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Abu Dhabi, UAEMonday 17 December 2018

The rise of electric cars could spell bad news for oil producers

Oil demand may peak within 10 years if electric vehicles take off, according to Bank of America Merrill Lynch

The death of a petrol station may be nearer than expected amid the rise of electric vehicles. Shamil Zhumatov / Reuters
The death of a petrol station may be nearer than expected amid the rise of electric vehicles. Shamil Zhumatov / Reuters

As electric vehicles (EVs) gain speed with some of the world’s biggest car makers setting ambitious production targets, oil producers may see demand for their output hit a peak as early as 10 years from now, according to a new report from Bank of America Merrill Lynch (BofAML).

The investment bank expects pure EVs to reach a global penetration of 12 per cent in 2025, increasing to 34 per cent five years later and 90 per cent in 2050.

“Should EVs take off, we would expect peak oil demand within 10 years,” the bank said in its Global Electric Vehicle Primer report. In a scenario where EV sales rise to 75 per cent of sales by 2050, global oil demand would begin to decline in 2030.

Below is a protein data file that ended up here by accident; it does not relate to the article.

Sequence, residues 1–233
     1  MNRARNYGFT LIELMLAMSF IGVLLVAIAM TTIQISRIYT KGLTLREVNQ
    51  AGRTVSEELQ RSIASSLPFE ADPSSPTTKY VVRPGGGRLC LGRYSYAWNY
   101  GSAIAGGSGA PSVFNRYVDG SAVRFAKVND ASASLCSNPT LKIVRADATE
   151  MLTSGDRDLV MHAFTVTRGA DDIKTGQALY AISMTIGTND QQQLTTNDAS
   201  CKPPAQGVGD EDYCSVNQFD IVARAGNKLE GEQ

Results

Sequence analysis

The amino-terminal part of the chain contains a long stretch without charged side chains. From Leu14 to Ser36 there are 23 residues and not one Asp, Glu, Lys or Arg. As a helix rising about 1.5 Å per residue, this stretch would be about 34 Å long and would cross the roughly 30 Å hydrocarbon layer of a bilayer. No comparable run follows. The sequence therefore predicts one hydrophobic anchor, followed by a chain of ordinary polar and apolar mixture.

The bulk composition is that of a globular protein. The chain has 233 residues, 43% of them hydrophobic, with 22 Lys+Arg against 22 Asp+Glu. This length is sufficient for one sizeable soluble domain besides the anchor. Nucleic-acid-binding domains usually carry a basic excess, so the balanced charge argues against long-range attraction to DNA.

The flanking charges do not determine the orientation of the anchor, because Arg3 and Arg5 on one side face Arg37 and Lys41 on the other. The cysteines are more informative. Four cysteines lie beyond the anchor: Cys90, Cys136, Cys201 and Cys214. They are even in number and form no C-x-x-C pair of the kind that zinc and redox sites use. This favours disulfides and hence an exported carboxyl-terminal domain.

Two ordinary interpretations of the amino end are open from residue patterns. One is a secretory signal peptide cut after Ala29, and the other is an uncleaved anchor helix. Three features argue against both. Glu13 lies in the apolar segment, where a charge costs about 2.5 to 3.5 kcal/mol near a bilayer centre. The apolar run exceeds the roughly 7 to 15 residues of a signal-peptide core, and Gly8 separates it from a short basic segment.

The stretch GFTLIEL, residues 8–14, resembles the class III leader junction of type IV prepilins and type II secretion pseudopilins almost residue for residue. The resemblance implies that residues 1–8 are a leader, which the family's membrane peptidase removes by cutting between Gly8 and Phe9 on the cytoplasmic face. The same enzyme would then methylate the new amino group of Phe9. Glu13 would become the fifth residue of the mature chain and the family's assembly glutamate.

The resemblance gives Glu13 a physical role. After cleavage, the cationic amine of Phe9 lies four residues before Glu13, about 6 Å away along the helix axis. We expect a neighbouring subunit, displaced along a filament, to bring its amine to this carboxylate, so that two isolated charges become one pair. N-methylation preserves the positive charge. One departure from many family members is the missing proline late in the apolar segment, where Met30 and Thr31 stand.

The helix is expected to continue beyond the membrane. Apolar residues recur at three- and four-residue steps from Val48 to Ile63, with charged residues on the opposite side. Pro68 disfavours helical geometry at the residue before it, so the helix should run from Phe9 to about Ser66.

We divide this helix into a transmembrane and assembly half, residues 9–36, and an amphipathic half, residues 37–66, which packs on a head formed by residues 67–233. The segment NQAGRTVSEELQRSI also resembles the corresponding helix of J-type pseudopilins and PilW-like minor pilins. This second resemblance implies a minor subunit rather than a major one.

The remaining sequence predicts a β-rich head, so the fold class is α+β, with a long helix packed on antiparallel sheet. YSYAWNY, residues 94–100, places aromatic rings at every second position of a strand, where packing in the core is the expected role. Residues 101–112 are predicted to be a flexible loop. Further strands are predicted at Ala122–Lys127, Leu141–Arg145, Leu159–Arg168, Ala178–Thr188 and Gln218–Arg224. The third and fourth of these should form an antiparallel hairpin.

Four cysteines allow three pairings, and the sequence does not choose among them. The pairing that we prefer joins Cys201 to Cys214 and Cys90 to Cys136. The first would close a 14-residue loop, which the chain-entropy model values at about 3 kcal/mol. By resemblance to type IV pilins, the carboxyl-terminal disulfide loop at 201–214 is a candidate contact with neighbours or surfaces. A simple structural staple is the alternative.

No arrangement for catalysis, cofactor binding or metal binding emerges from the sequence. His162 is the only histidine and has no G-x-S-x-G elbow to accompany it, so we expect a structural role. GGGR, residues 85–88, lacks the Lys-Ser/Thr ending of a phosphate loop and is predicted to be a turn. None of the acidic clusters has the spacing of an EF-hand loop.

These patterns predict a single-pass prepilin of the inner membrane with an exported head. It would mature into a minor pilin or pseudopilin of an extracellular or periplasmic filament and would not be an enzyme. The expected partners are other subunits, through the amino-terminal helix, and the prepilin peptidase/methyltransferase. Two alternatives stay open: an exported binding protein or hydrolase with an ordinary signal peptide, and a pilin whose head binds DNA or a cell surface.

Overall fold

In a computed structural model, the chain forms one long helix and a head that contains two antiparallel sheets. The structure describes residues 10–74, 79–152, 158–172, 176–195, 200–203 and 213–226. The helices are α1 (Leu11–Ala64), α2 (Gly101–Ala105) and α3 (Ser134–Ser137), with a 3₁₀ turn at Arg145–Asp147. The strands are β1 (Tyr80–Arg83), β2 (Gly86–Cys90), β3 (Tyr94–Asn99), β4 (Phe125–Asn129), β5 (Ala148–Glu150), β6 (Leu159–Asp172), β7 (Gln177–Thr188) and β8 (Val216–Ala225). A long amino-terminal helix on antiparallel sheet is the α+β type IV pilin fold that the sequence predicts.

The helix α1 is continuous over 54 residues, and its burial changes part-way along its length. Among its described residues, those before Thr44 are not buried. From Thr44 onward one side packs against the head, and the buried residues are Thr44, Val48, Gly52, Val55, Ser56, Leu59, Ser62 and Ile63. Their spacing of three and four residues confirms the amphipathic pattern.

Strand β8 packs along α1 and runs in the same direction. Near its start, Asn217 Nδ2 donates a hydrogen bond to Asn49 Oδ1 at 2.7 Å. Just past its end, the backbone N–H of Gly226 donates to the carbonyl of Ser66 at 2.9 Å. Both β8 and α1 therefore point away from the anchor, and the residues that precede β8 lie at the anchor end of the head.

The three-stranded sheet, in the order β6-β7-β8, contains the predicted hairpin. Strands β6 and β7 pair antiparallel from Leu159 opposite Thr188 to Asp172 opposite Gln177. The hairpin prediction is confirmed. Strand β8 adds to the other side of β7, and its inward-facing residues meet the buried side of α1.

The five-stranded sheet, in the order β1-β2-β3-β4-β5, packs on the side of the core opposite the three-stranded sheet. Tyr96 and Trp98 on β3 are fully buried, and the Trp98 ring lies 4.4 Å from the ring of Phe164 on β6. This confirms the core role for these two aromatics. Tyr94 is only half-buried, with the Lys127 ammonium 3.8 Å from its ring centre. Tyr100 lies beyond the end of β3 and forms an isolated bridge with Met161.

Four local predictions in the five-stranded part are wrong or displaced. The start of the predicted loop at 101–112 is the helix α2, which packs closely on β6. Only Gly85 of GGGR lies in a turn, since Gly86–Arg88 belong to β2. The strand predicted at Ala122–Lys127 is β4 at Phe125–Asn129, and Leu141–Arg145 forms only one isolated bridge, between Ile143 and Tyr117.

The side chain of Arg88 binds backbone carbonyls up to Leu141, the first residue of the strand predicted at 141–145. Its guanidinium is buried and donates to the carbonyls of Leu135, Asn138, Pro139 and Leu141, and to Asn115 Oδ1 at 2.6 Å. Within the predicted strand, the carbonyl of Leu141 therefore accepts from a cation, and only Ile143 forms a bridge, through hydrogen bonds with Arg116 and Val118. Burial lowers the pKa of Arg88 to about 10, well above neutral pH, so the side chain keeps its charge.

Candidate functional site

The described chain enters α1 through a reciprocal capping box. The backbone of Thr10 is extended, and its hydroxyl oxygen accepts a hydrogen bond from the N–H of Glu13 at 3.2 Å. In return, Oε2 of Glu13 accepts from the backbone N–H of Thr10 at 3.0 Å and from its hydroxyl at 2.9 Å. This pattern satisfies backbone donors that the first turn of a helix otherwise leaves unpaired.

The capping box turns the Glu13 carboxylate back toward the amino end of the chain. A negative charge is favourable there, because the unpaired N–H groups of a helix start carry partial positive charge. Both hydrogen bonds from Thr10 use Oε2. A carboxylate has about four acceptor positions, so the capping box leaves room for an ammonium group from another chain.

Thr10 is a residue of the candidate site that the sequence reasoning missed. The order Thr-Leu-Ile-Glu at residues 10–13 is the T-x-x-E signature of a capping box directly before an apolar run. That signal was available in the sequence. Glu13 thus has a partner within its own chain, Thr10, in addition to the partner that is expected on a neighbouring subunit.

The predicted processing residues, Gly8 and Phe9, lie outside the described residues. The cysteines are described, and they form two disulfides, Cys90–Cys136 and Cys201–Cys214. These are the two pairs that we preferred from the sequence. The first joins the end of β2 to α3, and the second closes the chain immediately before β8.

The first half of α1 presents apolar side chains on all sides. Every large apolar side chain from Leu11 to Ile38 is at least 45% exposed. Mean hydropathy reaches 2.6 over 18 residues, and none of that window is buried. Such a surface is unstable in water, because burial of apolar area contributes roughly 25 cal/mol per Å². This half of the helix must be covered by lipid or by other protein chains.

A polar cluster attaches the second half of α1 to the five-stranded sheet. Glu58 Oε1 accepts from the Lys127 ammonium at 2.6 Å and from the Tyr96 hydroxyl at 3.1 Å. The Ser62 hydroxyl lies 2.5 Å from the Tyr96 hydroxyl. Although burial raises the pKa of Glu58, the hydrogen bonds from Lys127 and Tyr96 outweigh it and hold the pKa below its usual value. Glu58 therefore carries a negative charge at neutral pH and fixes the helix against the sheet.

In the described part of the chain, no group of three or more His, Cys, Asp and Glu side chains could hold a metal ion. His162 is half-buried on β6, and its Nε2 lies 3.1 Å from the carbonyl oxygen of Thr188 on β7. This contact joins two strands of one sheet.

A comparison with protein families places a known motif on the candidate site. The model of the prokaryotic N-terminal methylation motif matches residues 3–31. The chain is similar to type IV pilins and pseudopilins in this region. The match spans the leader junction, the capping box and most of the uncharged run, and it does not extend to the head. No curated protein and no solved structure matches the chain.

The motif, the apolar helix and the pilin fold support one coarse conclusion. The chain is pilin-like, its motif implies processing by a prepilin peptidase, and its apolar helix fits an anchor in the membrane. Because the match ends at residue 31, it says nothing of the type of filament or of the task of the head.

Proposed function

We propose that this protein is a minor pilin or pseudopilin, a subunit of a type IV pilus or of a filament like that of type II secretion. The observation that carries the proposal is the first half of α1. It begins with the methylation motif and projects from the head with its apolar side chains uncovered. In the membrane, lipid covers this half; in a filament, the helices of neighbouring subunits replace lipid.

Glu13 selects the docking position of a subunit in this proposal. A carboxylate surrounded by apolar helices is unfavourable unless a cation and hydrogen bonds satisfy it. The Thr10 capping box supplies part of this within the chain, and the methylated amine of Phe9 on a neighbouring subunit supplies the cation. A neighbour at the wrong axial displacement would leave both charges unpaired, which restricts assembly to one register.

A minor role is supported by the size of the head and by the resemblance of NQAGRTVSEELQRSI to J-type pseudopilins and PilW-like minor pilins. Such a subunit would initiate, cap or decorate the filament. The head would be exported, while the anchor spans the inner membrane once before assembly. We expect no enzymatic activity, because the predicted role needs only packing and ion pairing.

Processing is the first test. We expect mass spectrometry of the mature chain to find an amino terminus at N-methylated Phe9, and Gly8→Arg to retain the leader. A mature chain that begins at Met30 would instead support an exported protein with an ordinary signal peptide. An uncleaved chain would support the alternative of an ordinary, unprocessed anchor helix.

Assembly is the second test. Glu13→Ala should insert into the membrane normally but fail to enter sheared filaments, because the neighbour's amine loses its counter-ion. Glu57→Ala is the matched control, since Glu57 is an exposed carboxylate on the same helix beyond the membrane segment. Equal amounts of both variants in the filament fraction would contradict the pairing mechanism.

Such a scenario is not unimaginable, given the major names in the auto industry that have thrown their weight behind EVs. Volvo announced in July that every car it manufactures from 2019 onwards would be electric or hybrid, a move followed by other big names. Mark Reuss, General Motors executive vice president of product development, purchasing and supply chain said, “General Motors believes in an all-electric future.”

“Although that future won’t happen overnight, GM is committed to driving increased usage and acceptance of electric vehicles through no-compromise solutions that meet our customers’ needs.”

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Also as the business model for EVs requires a different charging format compared to the standard fuel pump, this could also mean the death of the petrol station. BofAML expects significantly less traffic at filling stations, putting at risk earnings expected from attached retail sites. “Big Oil’s hope of maintaining or – as laid out by BP at its recent downstream investor day – even expanding earnings generated from retail sites by offering charging points at filling stations will in our view only work at filling stations targeting long distance traffic – given our expectation of most charging being done at home,” the report said.